What is VEXAS Syndrome? The “mystery disease” could affect thousands of people

According to a new study published in JAMA, led by researchers at NYU Grossman School of Medicine. The rare autoinflammatory disease has a high mortality rate; up to half of those diagnosed die within five years of being identified, and so far it has affected more men than women.

For the study, researchers analyzed data from 163,096 people who were genetically screened for the disease, which is caused by a mutation in the UBA1 gene; 12 people in the study, all of whom had symptoms of VEXAS, have the mutation. This number may seem low, but it is actually quite surprising to scientists: using this data, they estimated that approximately 13,200 men and 2,300 women over the age of 50 could have VEXAS syndrome, which was considered a “mysterious disease” until its “genetic basis” was discovered in 2020, according to a press release about the new research.

Although the data offers an illuminating insight into the potential prevalence of VEXAS, the report authors acknowledged that the pool of study participants is not even close to being representative of the country’s diverse population – most participants were white people living in Pennsylvania. “This study provides an estimate of prevalence…within a single regional health system in the United States,” they wrote. “Further studies are needed in genetically diverse unselected populations to better define prevalence in the general population.”

Although the disease appears to be rare, study author David B. Beck, MD, PhD, director of NYU Langone’s Inflammatory Disease Genetics Program, said physicians should keep VEXAS in mind when assessment of their patients’ symptoms, especially for those with persistent symptoms. who have not yet received a precise diagnosis. “Physicians should add this condition to their list of potential diagnoses when faced with patients with persistent, unexplained inflammation and low blood cell count, or anemia,” Dr. Beck said in the press release. .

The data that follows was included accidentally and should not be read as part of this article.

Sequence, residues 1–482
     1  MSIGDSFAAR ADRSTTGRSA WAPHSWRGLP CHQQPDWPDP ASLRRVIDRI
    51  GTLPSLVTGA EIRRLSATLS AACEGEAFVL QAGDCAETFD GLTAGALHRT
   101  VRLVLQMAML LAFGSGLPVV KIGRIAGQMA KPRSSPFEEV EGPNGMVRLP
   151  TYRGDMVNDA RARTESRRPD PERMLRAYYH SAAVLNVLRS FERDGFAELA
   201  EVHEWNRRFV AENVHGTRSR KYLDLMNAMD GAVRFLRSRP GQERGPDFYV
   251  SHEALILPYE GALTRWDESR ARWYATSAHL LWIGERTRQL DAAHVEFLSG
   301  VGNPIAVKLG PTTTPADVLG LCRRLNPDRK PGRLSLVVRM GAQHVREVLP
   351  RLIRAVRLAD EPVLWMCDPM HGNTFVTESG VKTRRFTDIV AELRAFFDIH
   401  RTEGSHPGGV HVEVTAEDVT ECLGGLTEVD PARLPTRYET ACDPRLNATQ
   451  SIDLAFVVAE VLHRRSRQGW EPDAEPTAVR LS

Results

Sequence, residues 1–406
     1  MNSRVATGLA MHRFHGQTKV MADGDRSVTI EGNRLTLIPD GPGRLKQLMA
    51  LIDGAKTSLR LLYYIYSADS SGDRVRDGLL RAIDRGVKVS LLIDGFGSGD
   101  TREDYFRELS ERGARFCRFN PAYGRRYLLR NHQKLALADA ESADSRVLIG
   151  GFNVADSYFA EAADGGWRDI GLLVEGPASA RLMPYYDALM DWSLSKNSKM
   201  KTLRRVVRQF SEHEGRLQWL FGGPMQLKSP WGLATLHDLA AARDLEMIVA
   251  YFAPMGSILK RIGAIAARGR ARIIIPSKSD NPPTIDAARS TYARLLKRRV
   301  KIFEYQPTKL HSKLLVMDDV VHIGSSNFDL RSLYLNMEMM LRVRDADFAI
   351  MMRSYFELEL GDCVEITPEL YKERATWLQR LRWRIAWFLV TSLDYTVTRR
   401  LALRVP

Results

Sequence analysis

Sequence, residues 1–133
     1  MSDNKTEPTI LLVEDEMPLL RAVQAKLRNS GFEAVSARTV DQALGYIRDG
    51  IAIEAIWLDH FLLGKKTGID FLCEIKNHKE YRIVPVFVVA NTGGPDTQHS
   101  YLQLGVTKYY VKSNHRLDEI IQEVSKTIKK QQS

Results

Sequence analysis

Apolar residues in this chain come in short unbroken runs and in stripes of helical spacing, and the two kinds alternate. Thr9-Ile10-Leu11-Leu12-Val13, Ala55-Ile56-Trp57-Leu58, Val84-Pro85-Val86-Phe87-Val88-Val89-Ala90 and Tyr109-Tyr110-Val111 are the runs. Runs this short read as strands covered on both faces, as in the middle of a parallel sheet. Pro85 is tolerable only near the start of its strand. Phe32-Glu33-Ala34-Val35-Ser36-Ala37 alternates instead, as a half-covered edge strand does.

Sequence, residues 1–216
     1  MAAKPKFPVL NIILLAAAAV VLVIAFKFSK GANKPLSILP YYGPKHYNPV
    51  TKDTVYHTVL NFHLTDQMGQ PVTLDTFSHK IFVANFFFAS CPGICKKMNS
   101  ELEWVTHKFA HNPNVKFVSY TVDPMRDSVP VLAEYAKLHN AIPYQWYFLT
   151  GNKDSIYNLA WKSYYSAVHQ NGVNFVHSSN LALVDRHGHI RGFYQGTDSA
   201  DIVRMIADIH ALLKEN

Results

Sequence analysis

In addition to extreme fatigue, abnormal inflammation, and bouts of fever, symptoms of VEXAS syndrome may include painful rashes; ear and nose pain and swelling; cough; shortness of breath; blood clots; and joint pain and swelling, according to the National Institutes of Health (NIH).

Doctors can diagnose VEXAS syndrome through genetic tests that detect mutations in the UBA1 gene, according to the NIH. The disease has been associated with a handful of other rare diseases, including relapsing polychondritis; periarteritis nodosa; sweet syndrome; and myelodysplastic syndrome.

Once someone is diagnosed with VEXAS, they will need a lot of support – ideally, a team of doctors who can help them manage the nuances of the disease, as the disease can affect multiple organs. This includes a rheumatologist – who specializes in diseases of the muscles, bones, joints, ligaments and tendons – and a hematologist, who specializes in treating people with disorders of the blood, bone marrow or lymphatic system.

Although there is currently no treatment available for VEXAS syndrome, some symptoms caused by the disease can be managed with steroids, which help reduce inflammation, and immunosuppressants, which help prevent the immune system from breaking down. damage healthy cells. Some people with the disease may also benefit from a bone marrow transplant.

Although little is currently known about the disease, given that its genetic link was only discovered in 2020, the NIH says scientists around the world have an interest in understanding it. Currently, a clinical trial is underway to determine if cell transplants can help people with VEXAS, and Dr. Beck’s team plans to continue studying the disease, in hopes of developing a test. simple blood that will facilitate the diagnosis of doctors. he.


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